Chicago Cubs fans eagerly await the arrival of top infield prospect Javier Baez. That debut probably won’t come until 2014, maybe 2015. Until then, fans must exude patience with whoever plays third base for the next two seasons. At the same time, this isn’t fantasy baseball; punting categories is not an option. Management must find stopgap solutions to these short-term problems. For fans and management, this is an annoying part of any rebuild.
Did any team get less production from their third basemen? Playing time was shared among three players: Ian Stewart, Luis Valbuena and Josh Vitters. Before season-ending wrist surgery, Stewart had a .292 on-base percentage (OBP) with a .201 batting average and five home runs. His replacement, Valbuena, had a .310 OBP with a .219 batting average and four home runs. Vitters had a .193 OBP with a .121 batting average and two home runs.
There’s no guarantee that Stewart will fully recover from his wrist injury. Even if he recovers, Stewart’s last productive season came in 2010. His numbers were inflated from playing at hitter-friendly Coors Field. Vitters will start the season at Triple-A Iowa.
At best, Valbuena is a utility infielder for a minor league club. Is he truly going to start the season as an everyday third baseman? Does management believe that Valbuena and Stewart are good enough for a platoon role?
Outside options are limited. The two most-notable options include Kevin Youkilis and Jeff Keppinger. Keppinger has reportedly drawn the most interest from three teams: Tampa Bay Rays, Arizona Diamondbacks and Cubs. That was before Keppinger broke his fibula in a fall at home. He’s expected at 100-percent health for spring training.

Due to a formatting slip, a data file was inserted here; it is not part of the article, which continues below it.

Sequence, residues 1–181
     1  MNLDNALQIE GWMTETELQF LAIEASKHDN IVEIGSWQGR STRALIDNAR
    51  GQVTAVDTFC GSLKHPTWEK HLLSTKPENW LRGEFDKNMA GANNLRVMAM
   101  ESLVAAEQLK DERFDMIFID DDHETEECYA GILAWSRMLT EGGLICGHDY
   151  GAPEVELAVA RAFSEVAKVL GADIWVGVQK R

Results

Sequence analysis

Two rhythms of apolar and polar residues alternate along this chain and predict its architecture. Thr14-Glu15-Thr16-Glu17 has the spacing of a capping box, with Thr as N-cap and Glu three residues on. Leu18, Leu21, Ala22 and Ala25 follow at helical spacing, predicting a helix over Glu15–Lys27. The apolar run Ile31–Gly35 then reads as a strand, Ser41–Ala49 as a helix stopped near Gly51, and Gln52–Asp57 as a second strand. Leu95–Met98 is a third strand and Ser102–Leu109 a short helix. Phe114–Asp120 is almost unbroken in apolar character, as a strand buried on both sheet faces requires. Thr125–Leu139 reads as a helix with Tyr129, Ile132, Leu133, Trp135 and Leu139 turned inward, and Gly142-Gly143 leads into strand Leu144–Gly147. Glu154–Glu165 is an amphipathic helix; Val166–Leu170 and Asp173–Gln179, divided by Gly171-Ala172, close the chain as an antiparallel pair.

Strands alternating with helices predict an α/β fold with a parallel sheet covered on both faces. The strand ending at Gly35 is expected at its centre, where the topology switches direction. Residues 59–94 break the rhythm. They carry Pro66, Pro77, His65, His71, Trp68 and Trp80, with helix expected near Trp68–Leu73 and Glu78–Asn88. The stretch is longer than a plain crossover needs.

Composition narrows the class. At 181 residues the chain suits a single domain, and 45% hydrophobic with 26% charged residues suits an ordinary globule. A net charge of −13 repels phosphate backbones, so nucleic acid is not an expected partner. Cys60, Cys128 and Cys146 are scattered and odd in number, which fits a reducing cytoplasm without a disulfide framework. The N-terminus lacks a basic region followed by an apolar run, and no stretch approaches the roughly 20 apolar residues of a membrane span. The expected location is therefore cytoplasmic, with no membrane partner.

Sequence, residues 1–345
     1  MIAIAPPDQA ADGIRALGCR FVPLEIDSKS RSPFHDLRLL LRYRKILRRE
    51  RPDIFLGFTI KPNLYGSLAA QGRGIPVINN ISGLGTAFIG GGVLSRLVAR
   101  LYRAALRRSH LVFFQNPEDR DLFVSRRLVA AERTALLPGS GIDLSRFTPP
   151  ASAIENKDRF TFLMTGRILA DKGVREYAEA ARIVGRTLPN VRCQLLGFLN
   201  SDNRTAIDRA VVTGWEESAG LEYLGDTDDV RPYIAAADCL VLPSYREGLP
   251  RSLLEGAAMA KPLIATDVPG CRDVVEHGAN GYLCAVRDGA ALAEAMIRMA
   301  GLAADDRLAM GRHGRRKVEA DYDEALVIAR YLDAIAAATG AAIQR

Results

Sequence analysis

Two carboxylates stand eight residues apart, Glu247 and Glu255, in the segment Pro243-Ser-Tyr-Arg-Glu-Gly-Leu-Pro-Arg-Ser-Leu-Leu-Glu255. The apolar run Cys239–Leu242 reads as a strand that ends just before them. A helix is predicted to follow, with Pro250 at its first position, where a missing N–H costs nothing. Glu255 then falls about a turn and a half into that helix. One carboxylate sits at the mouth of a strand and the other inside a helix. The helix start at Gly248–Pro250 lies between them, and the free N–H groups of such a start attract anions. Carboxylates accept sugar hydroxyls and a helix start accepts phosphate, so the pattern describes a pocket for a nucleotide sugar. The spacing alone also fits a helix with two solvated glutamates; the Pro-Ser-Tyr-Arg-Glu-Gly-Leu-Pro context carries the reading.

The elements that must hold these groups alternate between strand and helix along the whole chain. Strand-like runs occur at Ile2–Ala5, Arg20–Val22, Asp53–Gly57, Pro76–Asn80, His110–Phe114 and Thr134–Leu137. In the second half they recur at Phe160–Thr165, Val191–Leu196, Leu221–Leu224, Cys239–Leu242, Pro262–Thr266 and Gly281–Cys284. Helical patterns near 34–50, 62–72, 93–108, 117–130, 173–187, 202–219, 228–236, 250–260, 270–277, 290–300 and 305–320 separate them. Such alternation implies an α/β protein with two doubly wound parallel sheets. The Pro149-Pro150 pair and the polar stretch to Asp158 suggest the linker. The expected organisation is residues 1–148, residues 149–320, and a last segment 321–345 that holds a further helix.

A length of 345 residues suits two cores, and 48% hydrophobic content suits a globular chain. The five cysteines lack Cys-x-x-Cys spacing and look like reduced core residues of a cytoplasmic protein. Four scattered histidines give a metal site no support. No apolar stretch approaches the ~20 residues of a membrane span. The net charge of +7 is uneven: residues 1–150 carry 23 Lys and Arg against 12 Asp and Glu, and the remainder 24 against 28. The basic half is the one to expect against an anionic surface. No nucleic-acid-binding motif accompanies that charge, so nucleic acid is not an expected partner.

Keppinger has reportedly received offers in the range of two-year, $10 million. That’s exactly what the Cubs need. At age 32, Keppinger is a versatile infielder who is a career .288 hitter. He has a career .337 OBP. In 2012, Keppinger had a .325 batting average with nine home runs and an .806 on-base-plus slugging percentage (OPS). He’s a career .333 hitter against left-handed pitching.
In 2012, Keppinger was mostly used as a No. 5 and No. 6 hitter. However, he has the versatility to hit almost anywhere in a lineup. Let’s assume that Anthony Rizzo and Alfonso Soriano are the No.3 and No. 4 hitters. If Starlin Castro stays as the No. 5 hitter, then David DeJesus and Keppinger could fill the first two slots. If DeJesus and Castro fill the first two slots, then Keppinger is more than capable as a No. 5 or No. 6 hitter.
Keppinger isn’t an All Star player. He’s still a nice upgrade over what’s currently on the roster. Theo Epstein and Jed Hoyer should make every effort to bring this guy to Chicago. Even if another third baseman emerges in 2013, Keppinger is valuable because he’s a utility infielder. If needed, Keppinger could probably play left field.
Projected Lineup (With Keppinger)
RF David DeJesus
SS Starlin Castro
1B Anthony Rizzo
LF Alfonso Soriano
3B Jeff Keppinger
C Welington Castillo
2B Darwin Barney
Joshua Huffman grew up in Michigan’s Upper Peninsula as a Green Bay Packers and Chicago Cubs enthusiast. He immediately gained an admiration for Cubs fans after watching numerous games on WGN during the mid-90s. His favorite Cubs moment was Kerry Wood’s(notes) 1-hitter, 20K extravaganza that was only denied of a no-hitter by Kevin Orie’s defensive blunder. As a Packers and Cubs fan, he suffered through Steve Bartman and “4th & 26” in a span of three months. HERE is his Twitter.
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